Pop culture obsessives writing for the pop culture obsessed.
Pop culture obsessives writing for the pop culture obsessed.

Bob Mould: Body Of Song

For the past several years, Bob Mould has struggled with his musical identity. In 1998, he released The Last Dog And Pony Show, ostensibly his final album embracing the guitar-rock bombast that made his name when he was playing in Hüsker Dü and Sugar. Mould's interests in electronic music influenced him heavily, and in 2002, he fulfilled his promised phase-out of guitar rock with Modulate, an album dominated by electronic instrumentation. Lukewarm reviews and fan response followed, and longtime listeners generally avoided Mould's all-electronic album Long Playing Grooves, released under the name LoudBomb. Given his apparently waning interest in guitar rock, it's curious that the buzz around Body Of Song suggested Mould had returned to it in the studio. Or maybe it isn't, given the response Modulate received.


Even with the pre-release buzz, it's understandable that fans have greeted the album with skepticism. While remnants of Mould's foray into electronic music remain—particularly on "(Shine Your) Light Love Hope," with its disco beat and vocal effects—Body Of Song nevertheless reprises the sound Mould's dedicated fan base craves: punk-influenced, melodic guitar rock. That may have something to do with his backing musicians: Brendan Canty (Fugazi), David Barbe (Sugar), and Matt Hammon (from Mould's 1998 band). With Barbe in the picture, it's no wonder songs like "Best Thing" and "Missing You" sound like long-lost Sugar tracks. Front and center on those songs in particular is Mould's signature guitar style, a sound that heavily influenced bands like Pixies and Nirvana, among others.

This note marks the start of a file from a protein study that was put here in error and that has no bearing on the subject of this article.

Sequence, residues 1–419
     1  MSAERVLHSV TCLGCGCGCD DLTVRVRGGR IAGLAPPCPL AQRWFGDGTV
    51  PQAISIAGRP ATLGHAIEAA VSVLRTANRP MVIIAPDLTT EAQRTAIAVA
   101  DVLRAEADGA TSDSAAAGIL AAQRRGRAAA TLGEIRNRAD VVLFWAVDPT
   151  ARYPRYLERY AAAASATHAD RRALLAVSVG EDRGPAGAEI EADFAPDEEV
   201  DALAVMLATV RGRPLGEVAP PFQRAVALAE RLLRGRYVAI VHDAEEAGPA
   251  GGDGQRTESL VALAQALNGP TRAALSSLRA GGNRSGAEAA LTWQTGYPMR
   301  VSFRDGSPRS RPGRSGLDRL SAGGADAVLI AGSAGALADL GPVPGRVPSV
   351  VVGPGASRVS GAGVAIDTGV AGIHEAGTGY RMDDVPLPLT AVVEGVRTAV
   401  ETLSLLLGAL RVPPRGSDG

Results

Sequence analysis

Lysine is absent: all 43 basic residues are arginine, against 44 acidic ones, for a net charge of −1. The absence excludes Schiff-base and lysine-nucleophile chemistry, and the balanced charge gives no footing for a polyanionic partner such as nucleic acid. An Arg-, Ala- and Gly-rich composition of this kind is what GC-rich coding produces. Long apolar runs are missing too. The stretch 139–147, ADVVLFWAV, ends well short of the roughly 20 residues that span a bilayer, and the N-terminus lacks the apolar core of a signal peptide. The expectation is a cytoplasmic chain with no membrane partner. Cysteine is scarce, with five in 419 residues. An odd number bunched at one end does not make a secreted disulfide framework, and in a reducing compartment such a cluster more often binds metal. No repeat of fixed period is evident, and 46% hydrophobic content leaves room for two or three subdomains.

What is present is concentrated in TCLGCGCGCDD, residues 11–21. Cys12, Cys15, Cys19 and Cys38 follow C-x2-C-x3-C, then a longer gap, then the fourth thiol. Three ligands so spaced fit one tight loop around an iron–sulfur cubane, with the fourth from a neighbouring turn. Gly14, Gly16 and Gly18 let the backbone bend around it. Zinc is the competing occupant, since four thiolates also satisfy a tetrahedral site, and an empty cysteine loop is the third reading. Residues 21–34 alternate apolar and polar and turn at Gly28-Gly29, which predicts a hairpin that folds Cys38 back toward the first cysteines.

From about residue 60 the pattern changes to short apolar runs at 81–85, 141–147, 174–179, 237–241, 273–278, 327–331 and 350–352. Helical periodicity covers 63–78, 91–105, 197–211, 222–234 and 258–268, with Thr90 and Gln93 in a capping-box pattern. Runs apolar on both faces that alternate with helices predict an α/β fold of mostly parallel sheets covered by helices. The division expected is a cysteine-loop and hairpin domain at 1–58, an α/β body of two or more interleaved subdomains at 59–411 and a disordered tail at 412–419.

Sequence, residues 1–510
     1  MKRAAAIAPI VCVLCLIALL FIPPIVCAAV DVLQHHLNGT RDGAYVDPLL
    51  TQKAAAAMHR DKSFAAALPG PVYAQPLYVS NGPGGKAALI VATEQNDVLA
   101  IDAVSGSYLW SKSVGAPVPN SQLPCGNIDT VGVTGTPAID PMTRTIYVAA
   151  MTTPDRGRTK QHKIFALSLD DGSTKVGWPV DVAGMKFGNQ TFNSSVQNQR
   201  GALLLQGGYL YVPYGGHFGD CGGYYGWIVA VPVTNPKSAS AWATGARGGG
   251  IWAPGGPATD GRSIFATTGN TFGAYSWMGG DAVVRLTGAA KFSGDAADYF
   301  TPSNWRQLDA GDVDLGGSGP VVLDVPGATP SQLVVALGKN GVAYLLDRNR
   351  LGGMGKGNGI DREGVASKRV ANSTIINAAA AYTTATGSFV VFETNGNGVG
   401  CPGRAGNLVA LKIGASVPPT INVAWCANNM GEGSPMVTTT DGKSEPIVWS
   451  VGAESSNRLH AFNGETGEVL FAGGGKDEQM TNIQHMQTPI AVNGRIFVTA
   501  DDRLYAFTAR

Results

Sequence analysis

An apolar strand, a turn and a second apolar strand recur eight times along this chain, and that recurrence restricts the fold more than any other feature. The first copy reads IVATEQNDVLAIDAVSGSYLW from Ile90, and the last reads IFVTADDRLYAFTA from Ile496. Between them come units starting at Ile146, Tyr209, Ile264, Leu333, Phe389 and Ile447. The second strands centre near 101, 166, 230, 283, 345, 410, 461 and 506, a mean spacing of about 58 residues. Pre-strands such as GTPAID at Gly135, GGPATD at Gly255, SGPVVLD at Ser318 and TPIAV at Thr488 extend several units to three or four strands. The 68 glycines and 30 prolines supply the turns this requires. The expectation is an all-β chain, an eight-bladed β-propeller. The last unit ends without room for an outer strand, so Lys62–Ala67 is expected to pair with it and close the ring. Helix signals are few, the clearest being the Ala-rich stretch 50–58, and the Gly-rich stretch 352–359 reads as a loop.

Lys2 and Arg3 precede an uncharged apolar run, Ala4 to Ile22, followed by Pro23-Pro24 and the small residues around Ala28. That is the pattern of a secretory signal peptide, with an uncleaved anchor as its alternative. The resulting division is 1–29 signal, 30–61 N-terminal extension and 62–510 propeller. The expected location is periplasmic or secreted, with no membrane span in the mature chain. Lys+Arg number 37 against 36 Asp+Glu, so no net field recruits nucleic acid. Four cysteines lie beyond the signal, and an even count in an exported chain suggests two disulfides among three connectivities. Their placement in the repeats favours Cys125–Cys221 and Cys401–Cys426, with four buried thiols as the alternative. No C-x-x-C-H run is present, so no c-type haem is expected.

But on Body Of Song, Mould isn't simply cranking out what sells best. The moody "Always Tomorrow" is built on a simple, repetitive bassline with subtle synthesizers and heavily echoed vocals. Directly after that follows "Days Of Rain," a somber track that again follows the bass with a piano accompaniment.

On the whole, Body Of Song sounds like a sampler of Mould's work over the past decade, which makes its title completely appropriate. But Song still doesn't feel lazy. All of its 12 tracks are lushly produced and have subtle instrumental flourishes—bells, organ, noisy breaks—to give them a rich sound. Body Of Song finds Mould creating familiar-sounding music without simply rehashing fan favorites. He seems at peace with his musical identity now, and the results should please his longtime fans.